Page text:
is my deepest concern. I did
not nke your marriage plans when
I first learned about them, and this
separation has made them prepos
terous. I tell you I won’t stand by
and see your life ruined. It will be.
if you lose Peter. I know what he
means to you—you may not think
so,” his voice lowered and he seemed
to be projected for a moment Into
a distant past, “but I, too, know what
love can mean. But you will lose
Peter, if you permit this thing to go
on—at least, you Will lose the Peter
and the love with which you began
so confidently.”
“Oh, I do wish so much to be with
Peter,” she confessed. “But he won’t
have me, under the circumstances.”
“Is there any objection to your
living apart in Paris, and seeing each
other often, as you did here?”
“I suppose not. But I can’t leave
my work and live there on nothing."
"Listen to me, my dear. If neces
sary, there always could be someone
found to fill your place in your work,
but not in Peter’s life. And that is
not even necessary. It will be a
simple matter to find someone to
take over your radio programs, even
someone whose voice so resembles
yours that the public never would
recognise a substitute, If that Is more
advisable. You have started the pro
grams personally. Now, there Is no
reason why you can't pack up the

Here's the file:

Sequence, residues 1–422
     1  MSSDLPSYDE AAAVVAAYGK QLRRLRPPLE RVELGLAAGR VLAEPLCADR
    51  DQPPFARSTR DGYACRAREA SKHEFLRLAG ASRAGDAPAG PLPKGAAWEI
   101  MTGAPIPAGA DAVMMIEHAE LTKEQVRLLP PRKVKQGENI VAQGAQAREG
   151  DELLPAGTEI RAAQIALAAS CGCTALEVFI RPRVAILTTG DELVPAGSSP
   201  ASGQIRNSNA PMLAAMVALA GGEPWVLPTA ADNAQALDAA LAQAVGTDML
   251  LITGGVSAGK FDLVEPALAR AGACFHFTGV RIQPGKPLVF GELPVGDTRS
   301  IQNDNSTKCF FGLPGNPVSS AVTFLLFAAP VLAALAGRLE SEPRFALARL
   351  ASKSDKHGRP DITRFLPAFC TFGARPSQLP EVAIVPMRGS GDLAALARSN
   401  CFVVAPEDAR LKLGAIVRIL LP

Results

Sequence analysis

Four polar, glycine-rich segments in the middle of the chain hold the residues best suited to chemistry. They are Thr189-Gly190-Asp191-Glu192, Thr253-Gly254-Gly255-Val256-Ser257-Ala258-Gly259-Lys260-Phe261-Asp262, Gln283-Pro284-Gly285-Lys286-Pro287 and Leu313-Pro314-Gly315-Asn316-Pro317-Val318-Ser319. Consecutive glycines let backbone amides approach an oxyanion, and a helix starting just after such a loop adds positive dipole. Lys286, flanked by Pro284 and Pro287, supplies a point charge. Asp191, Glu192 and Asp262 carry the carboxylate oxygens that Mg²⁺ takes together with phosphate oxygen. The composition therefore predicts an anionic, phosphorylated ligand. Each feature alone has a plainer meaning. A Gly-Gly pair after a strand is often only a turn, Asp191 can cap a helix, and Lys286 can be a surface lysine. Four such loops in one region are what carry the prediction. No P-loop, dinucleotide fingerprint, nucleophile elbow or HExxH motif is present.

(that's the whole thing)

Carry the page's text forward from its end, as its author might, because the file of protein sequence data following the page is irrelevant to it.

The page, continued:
rest of your work and take It right
over to Paris with you. That will
solve the problem of present exist
ence. You can provide, fob -yoUrself
very well, but I also make the re
quirement that you and Peter are
to take a comfortable Btudio, large
enough to accommodate the work
and privacy and temperaments of
two geniuses,” he smiled slyly, “and
live together. You will discover what
happiness is, then."
“But Peter won’t live that way
when 1 have the advantage over htm.
He hasn't even a start in Paris yet."
"As for Peter, 1 have managed
some other things which may mollify
his wounded pride,” Heyt continued
placidly. *T‘ have arranged for a
large replica of his exhibit group to
he given a prominent place tn this
city, but he nevgr win know who
promoted the movement You will
guard the secret for Ms sake, it is
net philanthropy—>l was only given
the hand of destiny for starting the
"As lor year future, mg dear child,
you are my sole heir to the fortune
which you have salvaged. However,
that la not a now idea, i always ex
pected to bequeath the bulk of my
estate to you, hut I purposely in
sisted when your mother took pan
that I should not acknowledge you
as an heir, so that you would be
forced to prove yourself. I had con
fidence that you would, which ln
aeeassd as you rrew older. That you
accomplished tt through your own
efforts to reclaim my bueineee, is an
22V* **** J*»t I advise you.” he
wumga Mr with twlnkßau eeue.
(Continued from Page One.)
are Guilford and Forsyth. It will be
necessary to get still more informa
tion from the other 18 counties, Mor